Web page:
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When HP announced that it was buying Palm (news, site), everyone wondered when and what it would do to recoup some of the US$ 1.2bn it paid for the ailing smartphone maker. On Friday, we will get the first look at Palm WebOS v2.0 as the operating system of the Palm Pre 2 handset.

New Smartphone, New Features, New Goodies

Going by the HP (news, site) announcement earlier this week, the new smartphone will come with a whole list of new features including a favourites option for tagging contacts, Skype-to-Skype support for calls and messaging from the US to anywhere in the world, the redesigned Palm App Catalog and a whole pile of goodies for developers.

Other features include a beta of Adobe Flash Player 10.1 in the browser, giving users access to rich, Flash-based web content, as well as an exhibition feature that turns on automatically when the phone is in the dock and enables users to access apps designed specifically for the Palm.

Palm Pre 2.jpg

Palm Pre 2
 

HP, WebOS and Palm Pre 2

Needless to say, HP has been talking up a storm around the launch, particularly around the first public outing of Web OS 2.0 which, with incremental upgrades, will probably carry it into future editions of the Palm Pre or some other ‘must-have Palm phone.

That said, Palm Pre 2 is quite an attractive little number that should have universal appeal, even though Palm has tried marketing to women. The Palm Pre 2 portal says that this new version has a 3.1-inch multitouch display, a black enclosure, exchange support, built-in GPS, ambient light/proximity sensors, WiFi, Bluetooth, 16GB of inbuilt storage space and a long lasting battery, good for 5.5 hours of talking.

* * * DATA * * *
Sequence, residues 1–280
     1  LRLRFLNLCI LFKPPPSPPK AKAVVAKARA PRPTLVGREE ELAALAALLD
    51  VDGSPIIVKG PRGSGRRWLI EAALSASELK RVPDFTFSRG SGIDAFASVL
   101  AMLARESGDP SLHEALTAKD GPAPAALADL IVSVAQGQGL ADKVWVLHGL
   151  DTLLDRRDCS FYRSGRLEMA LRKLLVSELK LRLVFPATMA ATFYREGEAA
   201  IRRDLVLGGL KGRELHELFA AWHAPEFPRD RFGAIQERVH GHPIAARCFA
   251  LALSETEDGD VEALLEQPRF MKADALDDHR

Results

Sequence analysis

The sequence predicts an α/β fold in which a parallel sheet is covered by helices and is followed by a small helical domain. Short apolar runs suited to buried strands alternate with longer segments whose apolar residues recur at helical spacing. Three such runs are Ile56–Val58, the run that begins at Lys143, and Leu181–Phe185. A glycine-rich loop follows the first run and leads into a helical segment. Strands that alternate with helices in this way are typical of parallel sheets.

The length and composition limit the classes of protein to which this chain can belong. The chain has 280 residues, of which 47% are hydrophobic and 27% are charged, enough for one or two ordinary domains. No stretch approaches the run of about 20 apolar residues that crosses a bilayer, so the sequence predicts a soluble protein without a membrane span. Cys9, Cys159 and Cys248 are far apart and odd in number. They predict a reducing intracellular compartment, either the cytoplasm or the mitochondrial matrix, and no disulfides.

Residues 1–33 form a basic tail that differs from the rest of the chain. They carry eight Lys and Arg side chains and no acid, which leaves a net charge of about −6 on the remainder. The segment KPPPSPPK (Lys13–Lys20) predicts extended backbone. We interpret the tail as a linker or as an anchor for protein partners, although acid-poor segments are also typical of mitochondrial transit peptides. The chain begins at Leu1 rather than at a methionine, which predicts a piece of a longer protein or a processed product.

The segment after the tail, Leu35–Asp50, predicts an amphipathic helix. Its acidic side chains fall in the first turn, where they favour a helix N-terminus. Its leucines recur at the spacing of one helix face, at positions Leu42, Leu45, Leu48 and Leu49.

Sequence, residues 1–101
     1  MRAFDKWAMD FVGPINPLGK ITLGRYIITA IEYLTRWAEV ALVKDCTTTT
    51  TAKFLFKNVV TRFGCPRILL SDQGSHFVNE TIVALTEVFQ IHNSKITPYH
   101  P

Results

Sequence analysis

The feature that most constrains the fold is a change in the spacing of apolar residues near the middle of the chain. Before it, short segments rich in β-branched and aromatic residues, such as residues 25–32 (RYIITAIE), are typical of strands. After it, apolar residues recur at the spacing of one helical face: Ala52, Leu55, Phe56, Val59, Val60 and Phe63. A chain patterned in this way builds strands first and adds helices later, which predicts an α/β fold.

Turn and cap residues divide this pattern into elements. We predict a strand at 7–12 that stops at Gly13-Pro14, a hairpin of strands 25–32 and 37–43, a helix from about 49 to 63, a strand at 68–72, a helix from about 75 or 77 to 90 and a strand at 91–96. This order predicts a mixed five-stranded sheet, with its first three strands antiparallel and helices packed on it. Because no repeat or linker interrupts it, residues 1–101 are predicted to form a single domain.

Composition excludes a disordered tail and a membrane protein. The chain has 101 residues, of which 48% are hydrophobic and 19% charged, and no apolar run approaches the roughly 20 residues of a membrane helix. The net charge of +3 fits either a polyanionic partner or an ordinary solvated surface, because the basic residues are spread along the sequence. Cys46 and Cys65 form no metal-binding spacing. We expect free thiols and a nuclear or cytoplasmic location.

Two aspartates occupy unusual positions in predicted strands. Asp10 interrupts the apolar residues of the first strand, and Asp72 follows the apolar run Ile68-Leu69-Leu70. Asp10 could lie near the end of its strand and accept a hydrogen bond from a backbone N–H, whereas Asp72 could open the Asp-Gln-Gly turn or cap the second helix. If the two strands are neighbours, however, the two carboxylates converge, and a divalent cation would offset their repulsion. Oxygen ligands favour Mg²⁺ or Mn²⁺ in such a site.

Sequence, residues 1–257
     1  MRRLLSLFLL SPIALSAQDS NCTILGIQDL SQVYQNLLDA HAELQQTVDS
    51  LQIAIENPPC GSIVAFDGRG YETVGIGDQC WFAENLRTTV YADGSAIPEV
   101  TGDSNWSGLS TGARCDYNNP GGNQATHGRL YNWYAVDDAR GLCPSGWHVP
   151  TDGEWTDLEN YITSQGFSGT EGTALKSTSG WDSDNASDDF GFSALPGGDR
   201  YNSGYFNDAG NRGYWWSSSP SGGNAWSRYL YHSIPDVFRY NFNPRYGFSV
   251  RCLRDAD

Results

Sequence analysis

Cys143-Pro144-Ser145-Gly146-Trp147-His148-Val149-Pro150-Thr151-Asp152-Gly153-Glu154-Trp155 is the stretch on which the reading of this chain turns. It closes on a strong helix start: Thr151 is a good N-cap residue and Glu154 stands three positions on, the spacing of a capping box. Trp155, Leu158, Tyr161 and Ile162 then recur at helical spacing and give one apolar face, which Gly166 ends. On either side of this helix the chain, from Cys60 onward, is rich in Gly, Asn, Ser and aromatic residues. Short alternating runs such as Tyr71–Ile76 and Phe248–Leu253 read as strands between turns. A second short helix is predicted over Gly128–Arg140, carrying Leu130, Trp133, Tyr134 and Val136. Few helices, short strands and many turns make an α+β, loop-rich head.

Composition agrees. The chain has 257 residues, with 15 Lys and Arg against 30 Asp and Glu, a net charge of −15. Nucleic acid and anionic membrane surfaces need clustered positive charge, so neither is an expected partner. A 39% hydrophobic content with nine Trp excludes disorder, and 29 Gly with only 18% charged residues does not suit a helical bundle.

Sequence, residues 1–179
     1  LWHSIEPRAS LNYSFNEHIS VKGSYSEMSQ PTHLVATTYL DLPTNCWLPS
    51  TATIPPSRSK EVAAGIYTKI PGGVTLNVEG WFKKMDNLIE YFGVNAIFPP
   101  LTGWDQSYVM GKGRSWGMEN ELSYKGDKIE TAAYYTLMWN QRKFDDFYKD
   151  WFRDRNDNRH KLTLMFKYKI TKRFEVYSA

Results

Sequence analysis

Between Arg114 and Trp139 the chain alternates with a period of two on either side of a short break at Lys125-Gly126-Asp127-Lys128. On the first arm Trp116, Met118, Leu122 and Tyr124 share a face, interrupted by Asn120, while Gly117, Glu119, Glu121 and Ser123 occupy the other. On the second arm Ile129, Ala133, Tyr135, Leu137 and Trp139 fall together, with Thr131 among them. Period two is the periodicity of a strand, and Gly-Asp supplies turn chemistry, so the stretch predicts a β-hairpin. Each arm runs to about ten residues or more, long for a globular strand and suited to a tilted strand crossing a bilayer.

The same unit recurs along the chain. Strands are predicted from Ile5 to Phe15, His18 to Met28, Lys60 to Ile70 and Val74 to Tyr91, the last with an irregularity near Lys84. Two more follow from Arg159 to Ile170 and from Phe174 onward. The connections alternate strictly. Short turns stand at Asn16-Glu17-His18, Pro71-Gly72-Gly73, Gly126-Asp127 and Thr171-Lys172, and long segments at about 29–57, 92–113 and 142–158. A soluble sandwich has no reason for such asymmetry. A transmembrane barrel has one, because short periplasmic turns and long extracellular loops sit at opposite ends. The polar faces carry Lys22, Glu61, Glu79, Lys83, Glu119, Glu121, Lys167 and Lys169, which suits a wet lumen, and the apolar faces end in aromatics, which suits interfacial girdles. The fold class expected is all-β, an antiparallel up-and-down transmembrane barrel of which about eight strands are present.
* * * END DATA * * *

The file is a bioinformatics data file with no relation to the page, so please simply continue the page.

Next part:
With this, HP says, it’s going to be a lot easier to get a lot more things done.

With WebOS 2.0, we’re advancing the innovations we introduced 16 months ago [and] expanding the features that make WebOS great . . .we’re taking our biggest leap forward with powerful new features that make it easier to get more things done . . . ,” said Jon Rubinstein, of Palm Global Business Unit, HP.

While France will be the first to get their hands on it, HP says it will be available in the US and Canada in the coming months, but doesn’t say whether that will be before Christmas or not. Existing customers will get an update to WebOS at some point in the future, but again, no exact date has been announced.

HP’s Mobile Ambitions

WebOS has been good and bad for Palm. By the time it had developed and released WebOS last year, it was clear that it had fallen behind Apple and other rivals in this space, with revenues coming in well below expectations and a buy-out needed to ensure its survival.

At the time the HP deal was signed-off, HP outlined their plans in the mobility market, which have been apparent for some time, but confirmed during the time of the acquisition announcement.

The smartphone market is large, profitable and rapidly growing, and companies that can provide an integrated device and experience command a higher share …Advances in mobility are offering significant opportunities, and HP intends to be a leader in this market,” it said.

Bradley indicated that WebOS is a key element in its bid to be the biggest. The combination of HP’s global scale and financial strength with Palm’s WebOS platform will enhance HP’s ability to participate more aggressively in the fast-growing, highly profitable smartphone and connected mobile device markets.